You predict a value for a particular set of covariates and compare that to the true value. There are no categorical variables here, only the ability to calculate how wrong the prediction is.

Therefore, people who don’t want to remember numerous different methods may be happy here, and people who like to have different approaches to evaluation at hand may be a bit disappointed at this point. For the latter, however, the following applies as always: The approaches presented here in no way constitute a complete overview of all metrics for evaluating regressions! Only the most common metrics are presented.

Variations of the residuals are, for example, the absolute error (absolute values of the deviation), the mean absolute error (mean of the absolute error values), the mean squared error (squared error), the root mean squared error (square root of the mean squared error) and R-squared.

Before we implement these in an example, it is worth taking a look at the individual formulas. You can see that the metrics build on each other, and the residuals form the basis for the calculation of each of these metrics.

For the notation:

Error Formulas

In my opinion, the formulas of the individual metrics are very easy to understand — I hope you see it the same way. Each of these metrics can be the most appropriate in certain applications. However, it must be clearly stated that the MSE, RMSE, and R-squared are the best known and the most commonly used metrics. For this reason, I would like to explain these three in more detail and say what advantages they can offer.

MSE

MSE ensures by squaring that the negative values do not offset the positive ones. The smaller the MSE, the better the model fits the data. The MSE has the units squared of whatever is plotted on the vertical axis. As you can see, as a result of the squaring, it assigns more weight to the bigger errors. The algorithm then continues to add them up and average them. If you are worried about the outliers, this is the number to look at. Keep in mind and it’s not in the same unit as our dependent value.

RMSE

The Root Mean Squared Error (RMSE) is just the square root of the mean square error. That is probably the most easily interpreted statistic since it has the same units as the quantity plotted on the vertical axis. The RMSE is directly interpretable in terms of measurement units, and so is a better measure of goodness of fit than a correlation coefficient. One can compare the RMSE to observed variation in measurements of a typical point. The two should be similar for a reasonable fit.

R-squared

The coefficient of determination of the regression R-squared, also the empirical coefficient of determination, is a dimensionless measure that expresses the portion of the variability in the measured values of the dependent variable, which is “explained” by the linear model. Given the sum-of-squares decomposition, the coefficient of determination of the regression is defined as the ratio of the sum-of-squares explained by the regression to the total sum-of-squares.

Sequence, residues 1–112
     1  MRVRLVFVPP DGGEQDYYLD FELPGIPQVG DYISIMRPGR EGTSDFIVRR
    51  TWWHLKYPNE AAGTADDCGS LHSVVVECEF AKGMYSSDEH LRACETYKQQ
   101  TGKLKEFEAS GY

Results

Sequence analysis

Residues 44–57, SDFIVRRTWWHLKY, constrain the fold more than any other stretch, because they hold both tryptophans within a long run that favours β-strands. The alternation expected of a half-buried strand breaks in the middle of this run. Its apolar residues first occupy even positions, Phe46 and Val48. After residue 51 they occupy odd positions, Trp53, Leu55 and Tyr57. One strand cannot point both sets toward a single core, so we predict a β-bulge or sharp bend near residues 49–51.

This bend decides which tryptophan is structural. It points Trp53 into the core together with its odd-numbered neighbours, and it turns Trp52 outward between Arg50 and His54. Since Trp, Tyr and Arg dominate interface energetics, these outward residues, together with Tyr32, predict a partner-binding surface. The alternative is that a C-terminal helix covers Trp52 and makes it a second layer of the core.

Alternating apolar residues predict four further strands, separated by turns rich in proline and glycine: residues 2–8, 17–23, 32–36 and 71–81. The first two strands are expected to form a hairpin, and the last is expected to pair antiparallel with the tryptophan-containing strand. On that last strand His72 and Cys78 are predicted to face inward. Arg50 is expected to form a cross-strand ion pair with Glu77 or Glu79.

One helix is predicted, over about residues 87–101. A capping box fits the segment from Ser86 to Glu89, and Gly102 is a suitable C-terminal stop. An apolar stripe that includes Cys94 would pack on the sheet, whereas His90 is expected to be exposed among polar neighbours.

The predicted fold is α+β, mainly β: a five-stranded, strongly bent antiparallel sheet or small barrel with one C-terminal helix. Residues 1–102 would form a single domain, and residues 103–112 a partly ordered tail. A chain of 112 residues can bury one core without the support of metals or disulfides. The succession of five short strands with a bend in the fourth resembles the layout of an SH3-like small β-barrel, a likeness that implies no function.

R-squared has the useful property that its scale is intuitive: it ranges from zero to one, with zero indicating that the proposed model does not improve prediction over the mean model and one indicating perfect prediction. Improvement in the regression model results in proportional increases in R-squared.
One pitfall of R-squared is that it can only increase as predictors are added to the regression model. This increase is artificial when predictors are not actually improving the model’s fit.

Metrics in action

To compare the metrics, we will compare a Support Vector Regression with a Linear Regression and decide based on the values which method gives better results.
Important: There is no emphasis on the optimization of the individual methods. Simply the default settings are used.

https://medium.com/media/c254b530d56972efabd8b2bb9485ce0b/href

Results for the three different metrics

We can see that our linear regression model performs better than SVR in every metric. The decision of which model to use in further steps is therefore not difficult.

Summary

To conclude this article, I would like to summarize the most important points once again:

In contrast to classification tasks, regressions do not have so many different metrics that can be used to evaluate different models.
The most common metrics are MSE, RMSE, and R2.
My personal favorite is R2, simply because the interpretation is intuitive, and it makes comparing different models very easy.

I hope I could give a deeper insight into the evaluation metrics for classification and regression tasks with these two posts.

Thank you very much for your attention!

Here is some more useful and deeper information:

Regression essentials
R squared explained
MSE and RMSE


Data Science Evaluation Metrics — Unravel Algorithms for Regression [Part 2] was originally published in Towards AI on Medium, where people are continuing the conversation by highlighting and responding to this story.

Published via Towards AI